Mitsubishi Electric exhibited some massive OLED displays, including a gaudy circular display, at the Consumer Electronics Show (CES) in the U.S. and Integrated Systems Europe (ISE) in 2011. Based on the company’s modular “Diamond Vision” technology, the devices combine a series of 384 mm × 384 mm panels (with 128 × 128 pixels on each) to create large-format but low-resolution displays. Elsewhere at CES, LG Display presented a [31″ OLED TV with HD resolution that it expects to offer commercially later this year. While OLEDs have stormed the market for mobile devices (especially those made by Samsung), they’ve yet to break through for larger format displays – why?
For one, OLEDs’ perpetual bug-bear – durability – is a concern for products that need to outlast the brief two- to three-year lifetime of a mobile device. More specifically, there is a big problem with differential aging of the materials; since the blue emitters degrade in performance faster than the red or green ones, the color quality of the display can drop off over time (though algorithms can compensate for these shifts to some degrees).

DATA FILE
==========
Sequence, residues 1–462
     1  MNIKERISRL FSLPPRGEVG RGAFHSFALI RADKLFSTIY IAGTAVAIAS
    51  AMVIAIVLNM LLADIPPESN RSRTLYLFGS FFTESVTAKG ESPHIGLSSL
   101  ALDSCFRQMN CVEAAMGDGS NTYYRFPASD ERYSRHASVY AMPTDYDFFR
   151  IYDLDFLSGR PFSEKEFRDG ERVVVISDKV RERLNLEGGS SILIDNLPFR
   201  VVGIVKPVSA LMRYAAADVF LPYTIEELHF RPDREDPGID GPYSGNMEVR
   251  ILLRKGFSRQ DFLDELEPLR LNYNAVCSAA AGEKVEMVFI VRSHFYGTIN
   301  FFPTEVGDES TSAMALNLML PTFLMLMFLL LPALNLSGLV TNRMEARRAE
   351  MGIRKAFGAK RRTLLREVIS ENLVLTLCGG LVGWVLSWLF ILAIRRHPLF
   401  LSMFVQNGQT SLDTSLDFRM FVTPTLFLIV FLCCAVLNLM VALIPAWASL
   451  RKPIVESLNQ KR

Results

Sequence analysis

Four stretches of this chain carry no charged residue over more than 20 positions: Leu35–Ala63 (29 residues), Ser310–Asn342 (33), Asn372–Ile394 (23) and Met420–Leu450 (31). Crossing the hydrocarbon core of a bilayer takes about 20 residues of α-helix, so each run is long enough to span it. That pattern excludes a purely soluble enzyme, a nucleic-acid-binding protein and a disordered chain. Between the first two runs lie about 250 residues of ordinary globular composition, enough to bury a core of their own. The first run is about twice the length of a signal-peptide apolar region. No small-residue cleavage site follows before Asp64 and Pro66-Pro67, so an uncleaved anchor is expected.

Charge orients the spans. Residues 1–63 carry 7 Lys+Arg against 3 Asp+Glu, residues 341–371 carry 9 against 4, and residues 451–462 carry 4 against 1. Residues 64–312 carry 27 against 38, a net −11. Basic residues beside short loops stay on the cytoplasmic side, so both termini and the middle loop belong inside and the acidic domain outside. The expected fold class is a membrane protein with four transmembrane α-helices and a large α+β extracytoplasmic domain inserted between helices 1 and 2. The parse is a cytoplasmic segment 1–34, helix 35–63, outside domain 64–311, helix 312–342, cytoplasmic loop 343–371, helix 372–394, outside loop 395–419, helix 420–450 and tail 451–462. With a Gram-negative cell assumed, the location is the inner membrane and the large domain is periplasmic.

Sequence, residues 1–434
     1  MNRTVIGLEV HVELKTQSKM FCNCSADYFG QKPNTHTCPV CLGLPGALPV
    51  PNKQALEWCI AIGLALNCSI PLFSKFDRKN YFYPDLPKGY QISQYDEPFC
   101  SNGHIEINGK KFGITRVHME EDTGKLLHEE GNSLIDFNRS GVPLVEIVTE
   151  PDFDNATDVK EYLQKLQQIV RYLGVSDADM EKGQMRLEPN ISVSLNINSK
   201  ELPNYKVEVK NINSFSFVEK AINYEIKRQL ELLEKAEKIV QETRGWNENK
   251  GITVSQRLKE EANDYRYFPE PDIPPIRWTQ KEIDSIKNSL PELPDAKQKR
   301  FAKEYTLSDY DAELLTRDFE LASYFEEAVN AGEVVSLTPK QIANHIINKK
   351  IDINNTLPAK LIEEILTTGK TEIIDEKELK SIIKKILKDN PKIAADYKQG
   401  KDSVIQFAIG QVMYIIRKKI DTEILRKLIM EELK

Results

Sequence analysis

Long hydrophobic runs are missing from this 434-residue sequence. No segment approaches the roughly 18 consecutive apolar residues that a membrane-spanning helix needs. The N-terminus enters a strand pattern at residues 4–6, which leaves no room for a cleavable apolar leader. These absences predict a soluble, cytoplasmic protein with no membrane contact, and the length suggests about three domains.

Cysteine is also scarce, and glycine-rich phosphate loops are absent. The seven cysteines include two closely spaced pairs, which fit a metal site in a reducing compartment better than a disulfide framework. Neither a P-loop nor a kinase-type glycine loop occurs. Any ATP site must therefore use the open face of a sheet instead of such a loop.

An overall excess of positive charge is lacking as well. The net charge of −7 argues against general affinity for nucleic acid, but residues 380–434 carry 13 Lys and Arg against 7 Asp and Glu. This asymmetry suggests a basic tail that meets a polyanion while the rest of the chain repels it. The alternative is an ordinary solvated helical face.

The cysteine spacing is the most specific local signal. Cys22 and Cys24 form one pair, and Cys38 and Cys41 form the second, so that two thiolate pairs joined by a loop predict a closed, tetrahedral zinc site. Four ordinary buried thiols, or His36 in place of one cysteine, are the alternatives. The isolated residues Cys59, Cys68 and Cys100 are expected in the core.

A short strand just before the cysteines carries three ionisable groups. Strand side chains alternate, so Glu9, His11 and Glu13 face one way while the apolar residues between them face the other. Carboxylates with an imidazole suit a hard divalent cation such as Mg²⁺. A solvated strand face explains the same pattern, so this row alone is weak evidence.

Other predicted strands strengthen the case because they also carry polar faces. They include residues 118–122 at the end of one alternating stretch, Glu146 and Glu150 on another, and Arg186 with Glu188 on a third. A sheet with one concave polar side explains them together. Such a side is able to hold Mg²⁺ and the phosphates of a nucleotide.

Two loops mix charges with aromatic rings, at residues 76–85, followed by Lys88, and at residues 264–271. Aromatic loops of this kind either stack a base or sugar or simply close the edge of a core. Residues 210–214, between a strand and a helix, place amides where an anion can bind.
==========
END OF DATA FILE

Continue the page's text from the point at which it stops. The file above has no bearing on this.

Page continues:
There are also production challenges hampering large OLEDs, as well. The shadow masks used to pattern the organic light-emitting molecules over larger displays tend to bend and bow, which makes it difficult to pattern them precisely. What’s more, active matrix (AMOLED) displays require a backplane – the thin-film transistor (TFT) array that controls the display – to be made from low-temperature polysilicon (LTPS). As opposed to the amorphous silicon (a-Si) used for most displays, LTPS is difficult and costly to make over larger areas because it requires a laser annealing step.
Demonstration devices like those from LG Display show that such challenges can be overcome – but often at a cost, driven by tougher manufacturing processes and lower yields. As a result, it’s likely that the first affordable large OLEDs will be lower-resolution devices like Mitsubishi Electric’s – though even there, LCDs will remain a formidable incumbent for the foreseeable future.